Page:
Davis Wolfgang Hawke was found dead in a burnt-out SUV in Squamish, B.C., on June 14, 2017. Police said his death was a homicide. (IHIT)

Davis Wolfgang Hawke was found dead in a burnt-out SUV in Squamish, B.C., on June 14, 2017. Police said his death was a homicide. (IHIT)

Father of man found dead 3 years ago in Squamish offers $10,000 for information on death

Davis Wolfgang Hawke had been a Neo-Nazi turned renegade internet spammer

The father of a Neo-Nazi turned renegade internet spammer whose body was identified this week — years after it was found in a burnt-out vehicle — said news of his son’s death is not entirely unexpected.

Davis Wolfgang Hawke — who was born Andrew Britt Greenbaum and also went by the alias Jesse James — was found dead of a gunshot wound inside a burned pickup truck in 2017, but his body went unidentified until mid-October.

That’s when Hyman Greenbaum, Hawke’s father, said police knocked on his door in Medfield, Mass., and told him the news.

Greenbaum said he and his wife gave their DNA to cops some years ago in the event of just such a situation.

“He sometimes seemed to hang out with people who might not have been all that good people,” Greenbaum said.

The last time Greenbaum spoke with his son was about 15 years ago when he was being sued by AOL, he said.

“He didn’t want to settle the suit or anything, so he basically decided to leave and hide his assets and disappear.”

In 2005, AOL won a $12.8 million judgment against Hawke, but was unable to contact him to collect the money. The company accused Hawke of violating U.S. and Virginia anti-spam laws by sending unwanted emails to its subscribers.

Rather than collecting cash through conventional channels, AOL said it planned to dig up his family’s backyard because it believed he had buried gold and platinum there.

Greenbaum said the company didn’t follow through on that plan, but did gather depositions from him, his wife, and Hawke’s grandparents, who had receipts showing that he bought some gold.

At the height of Hawke’s internet activities, experts believed he and his partners earned more than $600,000 each month — much of it in cash — by sending unwanted sales pitches over the internet for loans, pornography, jewelry and prescription drugs.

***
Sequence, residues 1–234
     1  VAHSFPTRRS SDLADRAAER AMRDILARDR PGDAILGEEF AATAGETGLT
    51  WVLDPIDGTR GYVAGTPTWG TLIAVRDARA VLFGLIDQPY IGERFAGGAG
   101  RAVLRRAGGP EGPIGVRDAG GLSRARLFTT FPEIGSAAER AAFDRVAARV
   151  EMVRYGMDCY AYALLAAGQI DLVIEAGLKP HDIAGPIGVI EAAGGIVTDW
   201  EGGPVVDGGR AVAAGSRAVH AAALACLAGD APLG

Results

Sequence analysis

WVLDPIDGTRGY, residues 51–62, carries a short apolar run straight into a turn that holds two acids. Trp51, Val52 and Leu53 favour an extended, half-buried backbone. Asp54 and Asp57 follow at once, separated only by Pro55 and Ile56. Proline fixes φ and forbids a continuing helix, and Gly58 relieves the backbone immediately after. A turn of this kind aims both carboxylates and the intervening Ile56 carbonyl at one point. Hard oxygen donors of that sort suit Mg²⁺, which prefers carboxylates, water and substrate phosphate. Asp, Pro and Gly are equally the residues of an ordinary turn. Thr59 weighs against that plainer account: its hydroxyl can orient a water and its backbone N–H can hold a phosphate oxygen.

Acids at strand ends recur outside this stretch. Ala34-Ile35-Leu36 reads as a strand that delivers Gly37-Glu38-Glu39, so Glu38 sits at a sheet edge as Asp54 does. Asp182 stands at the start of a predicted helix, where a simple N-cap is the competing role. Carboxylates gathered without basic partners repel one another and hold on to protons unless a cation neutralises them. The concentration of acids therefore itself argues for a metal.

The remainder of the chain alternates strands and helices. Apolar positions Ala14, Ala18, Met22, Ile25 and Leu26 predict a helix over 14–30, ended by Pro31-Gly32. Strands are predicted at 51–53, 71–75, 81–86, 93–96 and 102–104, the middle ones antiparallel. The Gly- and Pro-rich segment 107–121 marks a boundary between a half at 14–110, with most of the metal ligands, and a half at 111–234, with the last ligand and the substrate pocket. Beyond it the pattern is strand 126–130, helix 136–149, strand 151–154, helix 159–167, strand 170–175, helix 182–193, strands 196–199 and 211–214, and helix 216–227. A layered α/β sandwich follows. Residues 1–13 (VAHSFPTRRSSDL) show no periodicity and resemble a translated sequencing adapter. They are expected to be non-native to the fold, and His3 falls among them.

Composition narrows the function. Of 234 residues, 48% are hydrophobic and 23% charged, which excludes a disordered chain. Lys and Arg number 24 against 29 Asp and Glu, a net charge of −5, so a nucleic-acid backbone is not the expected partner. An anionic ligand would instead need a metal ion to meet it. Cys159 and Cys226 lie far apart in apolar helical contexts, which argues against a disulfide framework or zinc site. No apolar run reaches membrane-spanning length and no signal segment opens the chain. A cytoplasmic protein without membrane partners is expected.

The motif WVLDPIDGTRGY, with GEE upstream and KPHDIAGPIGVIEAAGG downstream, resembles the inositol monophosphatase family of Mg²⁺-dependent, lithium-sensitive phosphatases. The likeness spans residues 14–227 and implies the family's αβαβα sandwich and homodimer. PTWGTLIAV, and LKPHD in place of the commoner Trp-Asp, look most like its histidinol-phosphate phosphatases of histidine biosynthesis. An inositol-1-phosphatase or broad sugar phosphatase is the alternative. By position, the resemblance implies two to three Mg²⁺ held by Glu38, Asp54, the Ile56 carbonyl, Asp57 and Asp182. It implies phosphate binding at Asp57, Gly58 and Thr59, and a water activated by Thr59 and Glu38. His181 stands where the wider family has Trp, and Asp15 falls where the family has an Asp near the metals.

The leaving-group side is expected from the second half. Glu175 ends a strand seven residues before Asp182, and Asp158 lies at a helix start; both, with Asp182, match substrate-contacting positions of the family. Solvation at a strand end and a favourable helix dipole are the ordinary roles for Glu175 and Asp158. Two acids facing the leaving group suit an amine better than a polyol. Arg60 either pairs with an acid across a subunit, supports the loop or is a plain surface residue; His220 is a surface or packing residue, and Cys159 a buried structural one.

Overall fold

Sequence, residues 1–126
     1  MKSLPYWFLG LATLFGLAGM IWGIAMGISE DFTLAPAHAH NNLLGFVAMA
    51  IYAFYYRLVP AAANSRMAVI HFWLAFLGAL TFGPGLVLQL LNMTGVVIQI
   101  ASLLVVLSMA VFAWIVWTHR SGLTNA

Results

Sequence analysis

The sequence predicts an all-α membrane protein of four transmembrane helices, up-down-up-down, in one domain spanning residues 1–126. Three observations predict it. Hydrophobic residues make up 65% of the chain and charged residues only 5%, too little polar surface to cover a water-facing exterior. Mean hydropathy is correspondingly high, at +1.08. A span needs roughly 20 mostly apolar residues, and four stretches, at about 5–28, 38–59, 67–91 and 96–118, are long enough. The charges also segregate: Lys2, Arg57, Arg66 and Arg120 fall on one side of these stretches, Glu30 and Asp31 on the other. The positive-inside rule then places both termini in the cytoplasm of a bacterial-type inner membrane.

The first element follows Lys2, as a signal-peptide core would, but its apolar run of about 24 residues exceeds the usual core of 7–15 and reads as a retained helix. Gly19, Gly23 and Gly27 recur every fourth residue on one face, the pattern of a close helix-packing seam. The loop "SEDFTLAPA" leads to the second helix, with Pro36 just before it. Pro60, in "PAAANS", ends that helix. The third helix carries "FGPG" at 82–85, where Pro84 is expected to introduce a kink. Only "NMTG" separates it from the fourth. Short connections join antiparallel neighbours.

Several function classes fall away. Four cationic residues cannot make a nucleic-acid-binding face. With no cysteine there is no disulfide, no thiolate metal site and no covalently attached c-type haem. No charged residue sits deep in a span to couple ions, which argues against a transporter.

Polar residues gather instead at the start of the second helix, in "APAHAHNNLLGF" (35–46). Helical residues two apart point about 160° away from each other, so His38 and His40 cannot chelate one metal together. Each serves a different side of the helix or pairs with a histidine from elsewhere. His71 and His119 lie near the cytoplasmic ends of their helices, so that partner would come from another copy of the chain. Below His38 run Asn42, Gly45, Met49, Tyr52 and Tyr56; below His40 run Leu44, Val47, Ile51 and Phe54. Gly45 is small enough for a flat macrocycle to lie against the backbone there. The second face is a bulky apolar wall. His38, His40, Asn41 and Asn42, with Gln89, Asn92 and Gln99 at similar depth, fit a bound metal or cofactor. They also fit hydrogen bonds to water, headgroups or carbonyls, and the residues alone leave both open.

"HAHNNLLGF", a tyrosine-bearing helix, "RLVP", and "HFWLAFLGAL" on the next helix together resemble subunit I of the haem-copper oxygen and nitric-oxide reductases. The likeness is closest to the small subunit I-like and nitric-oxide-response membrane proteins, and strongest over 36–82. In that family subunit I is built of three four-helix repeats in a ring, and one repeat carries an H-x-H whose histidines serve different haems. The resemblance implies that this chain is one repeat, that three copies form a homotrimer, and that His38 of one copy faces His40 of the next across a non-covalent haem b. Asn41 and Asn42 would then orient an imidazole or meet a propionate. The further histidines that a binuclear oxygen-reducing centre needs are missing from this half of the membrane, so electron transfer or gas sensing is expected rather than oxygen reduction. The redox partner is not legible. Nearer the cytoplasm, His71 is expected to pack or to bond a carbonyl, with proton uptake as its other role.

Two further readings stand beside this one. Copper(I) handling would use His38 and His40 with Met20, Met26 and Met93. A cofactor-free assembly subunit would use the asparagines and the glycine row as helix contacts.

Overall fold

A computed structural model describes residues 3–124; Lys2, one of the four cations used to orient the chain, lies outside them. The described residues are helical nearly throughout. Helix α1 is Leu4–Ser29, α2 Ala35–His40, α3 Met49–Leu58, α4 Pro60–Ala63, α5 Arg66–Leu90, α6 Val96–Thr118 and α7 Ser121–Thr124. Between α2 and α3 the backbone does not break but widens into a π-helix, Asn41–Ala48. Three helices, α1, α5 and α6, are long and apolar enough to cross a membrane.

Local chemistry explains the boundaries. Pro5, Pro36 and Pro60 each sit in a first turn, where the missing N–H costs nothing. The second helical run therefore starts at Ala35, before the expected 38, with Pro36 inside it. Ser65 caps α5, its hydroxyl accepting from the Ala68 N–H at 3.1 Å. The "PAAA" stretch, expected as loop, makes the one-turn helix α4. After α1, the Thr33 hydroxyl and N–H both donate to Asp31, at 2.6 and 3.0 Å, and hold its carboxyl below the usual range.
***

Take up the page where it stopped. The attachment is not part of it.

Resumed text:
The head of J.J. Teaparty Inc. of Boston, Miles Coggan, told AOL’s lawyers that Hawke bought $350,879.50 worth of gold from the company between August 2003 and March 2004, court papers said. The company representative told lawyers Hawke claimed to have earned the money “selling pills on the internet.”

Greenbaum said he believes his son had some gold.

“He told me he was going to bury it in the White Mountains of New Hampshire, which at the time I didn’t think much of,” he said.

“He told me he was going to convert his assets to gold and disappear.”

But Greenbaum only learned of his son’s fate when police got in touch earlier this month.

“We really didn’t know where he gone or what name he was using or anything. We tried to locate him from internet and things like that but not with any success,” he said.

“We thought maybe he’d gone to South America or Central America. As it turns out we found out he was in Canada, living under the name Jesse James.”

Greenbaum described his son as a “good kid” who was academically bright and a gifted chess player — but eventually became a Neo-Nazi in an effort to “gain power and influence.”

He tried to organize a march in Washington DC in the late ’90s, which the father described as a “total flop.” He said that failure marked the moment when his son gave up on Neo-Nazi activities, Greenbaum said.

“At that point he got more into this spamming activity, which is what got him sued by AOL,” he said.

Greenbaum is offering a $10,000 reward to anyone who can give information that can lead to the arrest and conviction of whoever is responsible for his son’s death.

Greenbaum said that when he closes his eyes, he thinks about taking his son to chess tournaments or on climbing trips in New Hampshire’s White Mountains.